Time = msgs * alpha + words * beta + flops time unitswhere msgs is the number of messages sent (not counting those sent in parallel), words is the number of words sent (again not counting those sent in parallel), and flops is the number of floating point operations performed (again, not counting those in parallel). To make the presentation simple, we will only look at steps 9, 10 and 11 in detail. It turns out these account for almost all of words and flops, which are the most important terms for large n.

The implementation we discuss will overlap steps 10 and 11 of the algorithm as described above. More precisely,

To estimate the total cost for Distributed Gaussian Elimination, we need to sum the above three contributions for end = b, 2*b, 3*b, ... , n-b to getTime for all steps 9, 10 11 = ( ( n * (log_2 prow) + 2 ) / b ) * alpha + ( n^2 * ( (log_2 prow)/(2*pcol) + 1/prow ) ) * beta + ( (2/3)*n^3/p )Taking the other steps of algorithm into account increases the coefficients of alpha and beta, yielding

Time for distributed Gaussian elimination = ( n * (6+ log_2 prow) ) * alpha + ( n^2 * ( 2*(prow-1)/p + (pcol-1)/p + (log_2 prow)/(2*pcol) ) ) * beta + ( (2/3)*n^3/p )We compute the efficiency by dividing the serial time, (2/3)*n^3, by p times the Time just displayed, yielding

Efficiency = 1 / ( 1 + (1.5*p*(6 + log_2 prow)/n^2) * alpha + ( 1.5* ( 2*prow + pcol + (prow * log_2 prow)/2 -3 ) /n ) * beta )(ib:end, end+1:n)Let us examine this formula, and ask when it is likely to be close to 1, i.e. when we can expect good efficiency. First, for fixed p, prow, pcol, alpha and beta, the efficiency approaches 1 as n grows. This is because we are doing O(n^3) floating point operations, but communicating only O(n^2) words, so eventually the floating point, which is load balanced, swamps the communication, so efficiency is good. The efficiency also grows if alpha and beta shrink, i.e. as communication becomes less expensive.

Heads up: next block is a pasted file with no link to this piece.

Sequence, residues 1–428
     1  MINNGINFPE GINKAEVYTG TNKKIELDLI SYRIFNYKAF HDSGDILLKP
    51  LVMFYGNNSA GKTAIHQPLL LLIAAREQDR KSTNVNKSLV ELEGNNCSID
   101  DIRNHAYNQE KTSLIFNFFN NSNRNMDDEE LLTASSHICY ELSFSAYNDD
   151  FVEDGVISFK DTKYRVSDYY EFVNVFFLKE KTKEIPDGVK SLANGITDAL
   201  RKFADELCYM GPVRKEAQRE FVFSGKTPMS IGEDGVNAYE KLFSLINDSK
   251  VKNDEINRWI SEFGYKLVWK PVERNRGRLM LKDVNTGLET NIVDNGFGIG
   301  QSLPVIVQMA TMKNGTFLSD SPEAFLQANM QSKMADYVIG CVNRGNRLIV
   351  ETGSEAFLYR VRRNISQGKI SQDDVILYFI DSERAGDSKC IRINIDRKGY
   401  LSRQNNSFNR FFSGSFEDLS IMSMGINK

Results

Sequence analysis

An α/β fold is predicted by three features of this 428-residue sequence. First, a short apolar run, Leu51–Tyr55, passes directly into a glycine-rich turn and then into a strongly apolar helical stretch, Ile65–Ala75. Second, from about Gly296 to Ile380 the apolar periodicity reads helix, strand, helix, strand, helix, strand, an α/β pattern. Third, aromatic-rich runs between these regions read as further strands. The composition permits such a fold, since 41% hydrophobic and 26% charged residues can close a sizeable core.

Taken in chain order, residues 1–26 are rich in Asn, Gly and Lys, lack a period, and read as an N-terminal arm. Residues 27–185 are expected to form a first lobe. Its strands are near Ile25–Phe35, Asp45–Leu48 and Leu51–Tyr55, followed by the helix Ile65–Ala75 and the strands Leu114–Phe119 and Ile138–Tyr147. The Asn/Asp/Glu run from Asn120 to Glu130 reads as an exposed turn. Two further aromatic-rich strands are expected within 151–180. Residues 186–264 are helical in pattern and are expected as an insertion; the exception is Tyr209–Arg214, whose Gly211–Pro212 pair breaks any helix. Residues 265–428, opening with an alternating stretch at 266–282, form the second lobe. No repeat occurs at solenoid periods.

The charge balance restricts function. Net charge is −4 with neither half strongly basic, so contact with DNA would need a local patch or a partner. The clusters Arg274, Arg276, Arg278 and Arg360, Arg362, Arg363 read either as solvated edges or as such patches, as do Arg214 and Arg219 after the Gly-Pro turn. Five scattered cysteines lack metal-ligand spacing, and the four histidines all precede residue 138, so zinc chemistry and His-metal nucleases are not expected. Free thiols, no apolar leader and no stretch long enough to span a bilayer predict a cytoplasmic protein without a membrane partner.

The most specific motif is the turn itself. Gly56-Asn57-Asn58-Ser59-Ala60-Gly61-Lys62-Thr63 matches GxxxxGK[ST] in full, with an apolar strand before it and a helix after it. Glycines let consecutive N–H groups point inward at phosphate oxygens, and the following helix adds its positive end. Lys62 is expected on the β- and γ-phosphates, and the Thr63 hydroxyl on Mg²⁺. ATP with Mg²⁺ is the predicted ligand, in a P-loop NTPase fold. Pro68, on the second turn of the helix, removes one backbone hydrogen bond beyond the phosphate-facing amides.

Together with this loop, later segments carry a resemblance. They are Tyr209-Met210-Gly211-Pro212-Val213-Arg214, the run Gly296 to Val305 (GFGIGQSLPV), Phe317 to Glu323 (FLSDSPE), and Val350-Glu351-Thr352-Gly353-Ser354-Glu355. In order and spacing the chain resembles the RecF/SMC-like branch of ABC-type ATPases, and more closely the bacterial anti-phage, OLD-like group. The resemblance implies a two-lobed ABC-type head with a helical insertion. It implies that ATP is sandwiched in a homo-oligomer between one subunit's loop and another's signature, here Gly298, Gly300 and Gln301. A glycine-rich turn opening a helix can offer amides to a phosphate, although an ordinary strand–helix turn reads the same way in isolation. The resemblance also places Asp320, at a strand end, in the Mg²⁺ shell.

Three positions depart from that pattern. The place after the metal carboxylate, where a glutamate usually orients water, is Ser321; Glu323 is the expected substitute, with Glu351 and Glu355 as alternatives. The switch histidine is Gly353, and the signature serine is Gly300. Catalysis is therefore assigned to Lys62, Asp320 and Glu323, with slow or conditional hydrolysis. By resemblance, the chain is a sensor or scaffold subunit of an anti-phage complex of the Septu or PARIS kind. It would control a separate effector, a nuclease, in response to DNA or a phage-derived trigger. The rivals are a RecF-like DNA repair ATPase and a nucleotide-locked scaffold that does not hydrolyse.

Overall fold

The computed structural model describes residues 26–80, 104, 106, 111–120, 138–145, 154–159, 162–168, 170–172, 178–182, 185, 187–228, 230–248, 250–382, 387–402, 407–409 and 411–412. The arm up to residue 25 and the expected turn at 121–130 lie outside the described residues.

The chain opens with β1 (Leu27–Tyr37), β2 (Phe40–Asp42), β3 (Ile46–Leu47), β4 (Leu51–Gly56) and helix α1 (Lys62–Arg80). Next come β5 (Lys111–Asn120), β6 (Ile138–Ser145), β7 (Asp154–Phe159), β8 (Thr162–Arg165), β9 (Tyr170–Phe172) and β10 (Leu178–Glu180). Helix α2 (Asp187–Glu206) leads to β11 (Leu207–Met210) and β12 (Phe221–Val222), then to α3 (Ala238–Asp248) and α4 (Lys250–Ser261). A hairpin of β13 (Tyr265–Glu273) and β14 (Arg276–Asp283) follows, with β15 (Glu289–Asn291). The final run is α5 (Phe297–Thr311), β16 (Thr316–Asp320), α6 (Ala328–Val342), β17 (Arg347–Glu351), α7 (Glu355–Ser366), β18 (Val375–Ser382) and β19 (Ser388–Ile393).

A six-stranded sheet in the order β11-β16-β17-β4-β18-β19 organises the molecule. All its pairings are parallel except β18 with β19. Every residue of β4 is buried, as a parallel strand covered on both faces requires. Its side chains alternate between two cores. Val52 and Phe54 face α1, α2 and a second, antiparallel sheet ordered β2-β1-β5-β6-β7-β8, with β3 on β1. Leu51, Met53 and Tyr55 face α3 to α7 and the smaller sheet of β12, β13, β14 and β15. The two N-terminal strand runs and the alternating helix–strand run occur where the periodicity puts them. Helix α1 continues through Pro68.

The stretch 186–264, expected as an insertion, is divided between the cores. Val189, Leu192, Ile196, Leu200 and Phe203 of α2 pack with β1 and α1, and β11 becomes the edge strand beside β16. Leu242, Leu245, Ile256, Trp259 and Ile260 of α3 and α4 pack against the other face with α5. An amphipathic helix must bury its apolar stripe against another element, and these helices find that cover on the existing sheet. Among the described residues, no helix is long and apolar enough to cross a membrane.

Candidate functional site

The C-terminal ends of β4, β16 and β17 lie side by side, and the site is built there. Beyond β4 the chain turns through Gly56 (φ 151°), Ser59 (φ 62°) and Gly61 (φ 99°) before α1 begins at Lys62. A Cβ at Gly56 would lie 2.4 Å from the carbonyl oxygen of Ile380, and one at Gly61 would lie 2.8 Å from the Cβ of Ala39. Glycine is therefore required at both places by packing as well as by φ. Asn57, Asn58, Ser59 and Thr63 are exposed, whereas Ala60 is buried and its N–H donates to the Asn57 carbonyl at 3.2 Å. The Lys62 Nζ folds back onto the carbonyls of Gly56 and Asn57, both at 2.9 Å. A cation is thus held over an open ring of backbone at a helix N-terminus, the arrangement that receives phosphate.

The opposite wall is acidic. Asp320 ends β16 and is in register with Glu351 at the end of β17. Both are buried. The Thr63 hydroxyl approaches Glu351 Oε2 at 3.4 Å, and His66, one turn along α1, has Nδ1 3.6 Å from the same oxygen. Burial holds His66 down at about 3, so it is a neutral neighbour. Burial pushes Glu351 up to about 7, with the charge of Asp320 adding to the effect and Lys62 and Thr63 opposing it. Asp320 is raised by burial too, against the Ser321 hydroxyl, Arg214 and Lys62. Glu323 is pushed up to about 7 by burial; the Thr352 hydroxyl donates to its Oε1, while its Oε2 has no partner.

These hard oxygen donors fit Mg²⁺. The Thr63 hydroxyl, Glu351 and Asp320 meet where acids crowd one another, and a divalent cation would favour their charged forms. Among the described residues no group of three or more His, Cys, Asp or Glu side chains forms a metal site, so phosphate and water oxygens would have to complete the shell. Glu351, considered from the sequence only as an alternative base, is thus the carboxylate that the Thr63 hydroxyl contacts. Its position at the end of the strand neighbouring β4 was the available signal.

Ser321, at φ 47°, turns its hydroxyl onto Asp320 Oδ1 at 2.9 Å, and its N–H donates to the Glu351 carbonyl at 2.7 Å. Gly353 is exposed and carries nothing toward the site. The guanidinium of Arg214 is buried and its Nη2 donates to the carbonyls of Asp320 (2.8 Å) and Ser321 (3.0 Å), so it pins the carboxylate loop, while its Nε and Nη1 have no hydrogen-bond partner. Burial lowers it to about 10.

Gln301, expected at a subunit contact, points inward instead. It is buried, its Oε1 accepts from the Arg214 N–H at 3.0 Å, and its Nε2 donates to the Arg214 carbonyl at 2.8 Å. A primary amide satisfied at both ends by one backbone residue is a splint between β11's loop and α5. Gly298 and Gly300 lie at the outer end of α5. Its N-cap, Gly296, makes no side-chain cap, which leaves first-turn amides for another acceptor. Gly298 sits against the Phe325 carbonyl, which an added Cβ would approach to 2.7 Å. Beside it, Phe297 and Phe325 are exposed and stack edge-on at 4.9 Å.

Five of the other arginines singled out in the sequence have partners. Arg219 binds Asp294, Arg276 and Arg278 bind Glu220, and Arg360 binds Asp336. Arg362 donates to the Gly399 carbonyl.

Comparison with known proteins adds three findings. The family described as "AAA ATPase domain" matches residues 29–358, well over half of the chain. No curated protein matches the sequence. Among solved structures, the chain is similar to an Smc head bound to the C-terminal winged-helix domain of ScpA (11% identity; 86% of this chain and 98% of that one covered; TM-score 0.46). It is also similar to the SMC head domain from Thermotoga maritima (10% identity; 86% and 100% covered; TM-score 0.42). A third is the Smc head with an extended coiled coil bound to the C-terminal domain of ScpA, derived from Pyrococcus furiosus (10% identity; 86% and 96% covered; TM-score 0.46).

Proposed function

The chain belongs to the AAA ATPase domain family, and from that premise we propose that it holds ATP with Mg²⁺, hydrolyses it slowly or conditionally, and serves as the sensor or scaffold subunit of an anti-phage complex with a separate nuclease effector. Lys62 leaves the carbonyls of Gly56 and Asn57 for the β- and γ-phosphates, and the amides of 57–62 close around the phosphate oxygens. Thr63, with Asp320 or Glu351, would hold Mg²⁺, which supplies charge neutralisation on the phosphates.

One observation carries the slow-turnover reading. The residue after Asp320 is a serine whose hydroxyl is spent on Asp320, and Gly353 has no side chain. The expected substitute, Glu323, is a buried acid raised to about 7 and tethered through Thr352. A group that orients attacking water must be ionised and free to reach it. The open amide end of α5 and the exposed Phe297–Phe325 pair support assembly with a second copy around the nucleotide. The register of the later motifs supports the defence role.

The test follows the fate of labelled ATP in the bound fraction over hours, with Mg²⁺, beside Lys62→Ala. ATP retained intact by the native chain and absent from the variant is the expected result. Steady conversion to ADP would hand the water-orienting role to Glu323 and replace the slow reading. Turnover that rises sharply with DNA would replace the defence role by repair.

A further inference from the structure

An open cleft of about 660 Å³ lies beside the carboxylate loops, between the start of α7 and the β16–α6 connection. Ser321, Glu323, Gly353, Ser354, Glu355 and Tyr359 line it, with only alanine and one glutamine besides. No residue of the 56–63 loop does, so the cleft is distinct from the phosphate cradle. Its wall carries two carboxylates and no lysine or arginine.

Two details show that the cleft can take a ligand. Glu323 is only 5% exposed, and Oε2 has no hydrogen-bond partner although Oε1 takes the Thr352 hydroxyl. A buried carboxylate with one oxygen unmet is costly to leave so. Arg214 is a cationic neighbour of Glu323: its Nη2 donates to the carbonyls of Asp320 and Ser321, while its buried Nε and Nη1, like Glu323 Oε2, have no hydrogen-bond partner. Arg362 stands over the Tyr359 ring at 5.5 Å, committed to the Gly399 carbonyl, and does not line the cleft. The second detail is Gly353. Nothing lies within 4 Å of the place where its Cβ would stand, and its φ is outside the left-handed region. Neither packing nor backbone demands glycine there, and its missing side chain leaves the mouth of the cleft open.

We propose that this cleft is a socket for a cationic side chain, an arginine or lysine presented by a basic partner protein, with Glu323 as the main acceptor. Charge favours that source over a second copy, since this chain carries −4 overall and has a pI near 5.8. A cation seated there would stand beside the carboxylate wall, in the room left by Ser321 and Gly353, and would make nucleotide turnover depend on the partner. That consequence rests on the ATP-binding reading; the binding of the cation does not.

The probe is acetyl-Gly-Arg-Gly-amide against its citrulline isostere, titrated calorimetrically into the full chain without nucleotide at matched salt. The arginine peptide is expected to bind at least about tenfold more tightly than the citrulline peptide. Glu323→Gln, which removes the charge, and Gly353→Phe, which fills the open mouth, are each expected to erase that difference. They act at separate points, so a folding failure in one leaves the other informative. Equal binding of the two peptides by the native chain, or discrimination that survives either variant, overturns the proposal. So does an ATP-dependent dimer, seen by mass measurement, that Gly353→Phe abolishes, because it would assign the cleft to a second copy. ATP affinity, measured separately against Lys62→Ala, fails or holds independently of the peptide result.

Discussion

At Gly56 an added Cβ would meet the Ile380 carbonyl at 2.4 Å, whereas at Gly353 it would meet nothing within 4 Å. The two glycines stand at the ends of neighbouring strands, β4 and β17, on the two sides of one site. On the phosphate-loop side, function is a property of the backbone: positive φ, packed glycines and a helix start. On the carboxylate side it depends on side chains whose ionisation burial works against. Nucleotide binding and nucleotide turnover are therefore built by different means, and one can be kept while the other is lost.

Now we consider the choice of prow and pcol. The expression

2*prow + pcol + (prow * log_2 prow)/2 = 2*prow +1/prow + (prow * log_2 prow)is minimized when prow is slightly smaller than sqrt(p), meaning we want a prow-by-pcol processor grid which is slightly longer than it is tall. (In practice, for a given p, we are limited to choosing prow and pcol among the factors of p, unless we want to have idle processors.)

Overall, assuming prow ~ pcol ~ sqrt(p), and ignoring the log terms, the efficiency is

Efficiency = 1 / ( 1 + O( p/n^2 * alpha ) + O( sqrt(p)/n * beta ) ) = E( n^2/p )i.e. an increasing function of n^2/p. But n^2/p is the amount of data stored per processor, since an n-by-n matrix takes up n^2 words. In other words, if we let the "total problem size" n^2 grow proportionally to the number of processor, we expect the efficiency to be approximately constant. Let us confirm this hypothesis with an experiment.

We will use the Intel Gamma, which has the following machine parameters:

Click here for the predicted run times on the Gamma, and click here for the actual run times; they are satisfyingly close together, and confirm that the efficiency is to first order simply an increasing function of n^2/p. The predicted times are labelled by the memory used per processor in Megabytes, ranging from 2 to 6.25.